Hypnerotomachia Poliphili Meaning

The Hypnerotomachia Poliphili

Widely regarded as the most beautiful book of the 15th century. It is illustrated with 174 exceptionally beautiful woodcuts and is known for its special typographic design.

The title “Hypnerotomachia” is a made up word from the Greek words for “sleep” (as in “hypnotize”), “love / lust” (as in “erotic”), and the “struggle / strife” (as in “naumachia , “the pseudo sea battles held by the ancient Romans). So the title literally means something like “Fight for love in a dream,” and describes what the main character, Poliphilo, does the whole story: searching for his lover in a dream. “In the imagination of the Middle Ages, ‘struggle’ is a metaphor for the pursuit of love. The text is implicitly erotic, but the accompanying wood engravings are a lot more bold. A bare breast or penis appears regularly.

‘Poliphilus’ can be translated in two ways: ‘Poli + philus’ can mean that he loves ‘all things’, but in the story we quickly notice that there is also a person involved, namely his beloved Polia ( „He who loves Polia‟).

Its authorship is attributed to Francesco Colonna, a Dominican friar who lived in Venice and died in 1527, and it was published by Aldus Manutius in the same city.

Poliphili’s love for Polia takes him on a fabulous journey through history, revealing the author’s great knowledge of architecture and landscaping, as well as construction painting and sculpture

The Secret Codes in the Text and Images of the Hypnerotomachia

One of the mysteries of the Hypnerotomachia is that the author never explicitly gives his name, but his identity seems to be revealed when the first letter of each chapter is connected to the following: the letters form the Latin message “Poliam Friar Franciscus Columna Peramavit” which means “Brother Francesco Colonna loved Polia very much.” In addition to this hidden acrostic, the entire text of the book is written in a hybrid of languages that was considered unnecessarily complex, even in its own time. When these facts are combined with the strangeness of certain elements in the story – the detailed attention to the dimensions and features of the buildings the main character sees, the sexual feelings that the main character has when viewing these buildings – it is easy to see why some readers believe there is a hidden subtext in the book.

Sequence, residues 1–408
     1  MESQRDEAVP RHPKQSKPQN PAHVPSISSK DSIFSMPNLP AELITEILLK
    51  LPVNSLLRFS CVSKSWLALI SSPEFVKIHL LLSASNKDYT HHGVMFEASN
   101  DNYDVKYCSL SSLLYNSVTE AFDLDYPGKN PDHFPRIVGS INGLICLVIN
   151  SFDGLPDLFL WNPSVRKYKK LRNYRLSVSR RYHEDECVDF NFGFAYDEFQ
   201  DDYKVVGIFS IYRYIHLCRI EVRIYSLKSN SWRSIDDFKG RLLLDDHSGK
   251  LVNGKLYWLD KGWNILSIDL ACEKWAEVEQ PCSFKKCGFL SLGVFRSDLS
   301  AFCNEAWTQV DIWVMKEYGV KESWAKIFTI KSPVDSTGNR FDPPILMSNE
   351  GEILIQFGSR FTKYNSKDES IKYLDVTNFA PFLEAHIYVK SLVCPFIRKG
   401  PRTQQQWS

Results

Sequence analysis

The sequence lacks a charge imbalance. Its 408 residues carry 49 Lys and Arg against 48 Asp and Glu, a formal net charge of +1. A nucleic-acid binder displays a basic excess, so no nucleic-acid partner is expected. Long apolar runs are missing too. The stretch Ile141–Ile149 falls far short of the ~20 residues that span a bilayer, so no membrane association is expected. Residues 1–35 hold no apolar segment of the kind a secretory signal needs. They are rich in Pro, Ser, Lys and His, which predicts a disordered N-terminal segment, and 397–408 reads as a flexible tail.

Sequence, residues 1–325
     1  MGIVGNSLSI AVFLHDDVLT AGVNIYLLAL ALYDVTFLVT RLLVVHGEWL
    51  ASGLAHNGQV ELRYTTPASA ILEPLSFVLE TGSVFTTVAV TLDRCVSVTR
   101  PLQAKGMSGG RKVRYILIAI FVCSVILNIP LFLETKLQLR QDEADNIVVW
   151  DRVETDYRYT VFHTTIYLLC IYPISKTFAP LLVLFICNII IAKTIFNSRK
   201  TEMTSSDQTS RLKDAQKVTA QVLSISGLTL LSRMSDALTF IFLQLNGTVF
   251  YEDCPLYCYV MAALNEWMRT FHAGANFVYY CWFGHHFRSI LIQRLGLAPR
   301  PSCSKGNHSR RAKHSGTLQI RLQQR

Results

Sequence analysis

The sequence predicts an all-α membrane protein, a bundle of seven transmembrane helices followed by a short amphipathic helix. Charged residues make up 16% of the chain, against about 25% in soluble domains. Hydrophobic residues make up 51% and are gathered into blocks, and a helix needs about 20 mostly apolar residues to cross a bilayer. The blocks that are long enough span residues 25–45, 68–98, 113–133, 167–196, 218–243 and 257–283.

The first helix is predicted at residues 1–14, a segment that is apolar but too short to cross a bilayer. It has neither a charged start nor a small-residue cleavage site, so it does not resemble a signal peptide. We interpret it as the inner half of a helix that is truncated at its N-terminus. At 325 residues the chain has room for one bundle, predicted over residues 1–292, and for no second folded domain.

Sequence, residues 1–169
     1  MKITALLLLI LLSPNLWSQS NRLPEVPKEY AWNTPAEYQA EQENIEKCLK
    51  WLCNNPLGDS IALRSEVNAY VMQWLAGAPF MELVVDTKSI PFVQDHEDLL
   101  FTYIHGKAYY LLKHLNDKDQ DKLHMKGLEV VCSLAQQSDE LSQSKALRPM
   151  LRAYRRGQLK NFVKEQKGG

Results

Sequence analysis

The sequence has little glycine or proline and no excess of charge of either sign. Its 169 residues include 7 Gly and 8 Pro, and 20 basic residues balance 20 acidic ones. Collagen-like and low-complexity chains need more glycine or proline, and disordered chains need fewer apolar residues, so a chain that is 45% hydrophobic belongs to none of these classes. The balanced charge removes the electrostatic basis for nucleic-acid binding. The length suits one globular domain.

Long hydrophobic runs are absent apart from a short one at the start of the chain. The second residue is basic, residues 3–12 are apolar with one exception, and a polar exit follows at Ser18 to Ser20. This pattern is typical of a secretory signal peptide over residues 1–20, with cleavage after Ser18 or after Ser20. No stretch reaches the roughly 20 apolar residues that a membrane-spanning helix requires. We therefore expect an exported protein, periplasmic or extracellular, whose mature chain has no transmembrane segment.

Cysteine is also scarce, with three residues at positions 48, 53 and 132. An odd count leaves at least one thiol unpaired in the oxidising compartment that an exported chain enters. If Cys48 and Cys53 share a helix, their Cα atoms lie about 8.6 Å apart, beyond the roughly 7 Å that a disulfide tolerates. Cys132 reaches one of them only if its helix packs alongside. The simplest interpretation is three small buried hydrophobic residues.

An acrostic (also: name poem or letter verse) is a poem of which certain, usually the first, letters of each line or stanza, read consecutively, also form a word or sentence. Acrostic is a combination of the Greek words akros (excellent) and stichos (row, verse).

The best-known example is the text of the Dutch national anthem, the Wilhelmus, of which the first letters of the original stanzas together form the name ‘Willem van Nassov’. The 2010 Speech from the Throne also uses this acrostic principle: the initial letters of the first 15 sentences of the text also form the name ‘Willem van Nassov’:

The Hypnerotomachia and William of Orange

The Hypnerotomachia Poliphili is a book of great cultural-historical significance. The book was printed in 1554 in Paris and bought in 1559 by the then 21-year-old Prince William of Orange. He had his coat of arms painted in color on both sides of the tape. The Prince was attached to the book.

As a Renaissance man, the Prince was caught between the Pagan and the Catholic faith. The link between Church and State became more problematic. There was a trend towards secularization, a secularization that also underwent Christian practices, whereby the Church became part of the State. Biopolitics emerged, a power directed at the population and inherent to the population, whereby subjects constructed themselves and were also constructed themselves by means of self-examination.

As a Renaissance book, the Poliphilus is an early monument to multiculturalism and tolerance and the changing position of women and has made a significant contribution to the formation and democratic consciousness of the “Father of the Fatherland”.

When the Father of the Fatherland took refuge in Dillenburg in Germany in 1568 to escape persecution by the Spanish King Philip II, he took only a small book collection, including this Poliphilus. After his violent death in 1584, his library became scattered in all directions, including through relatives.

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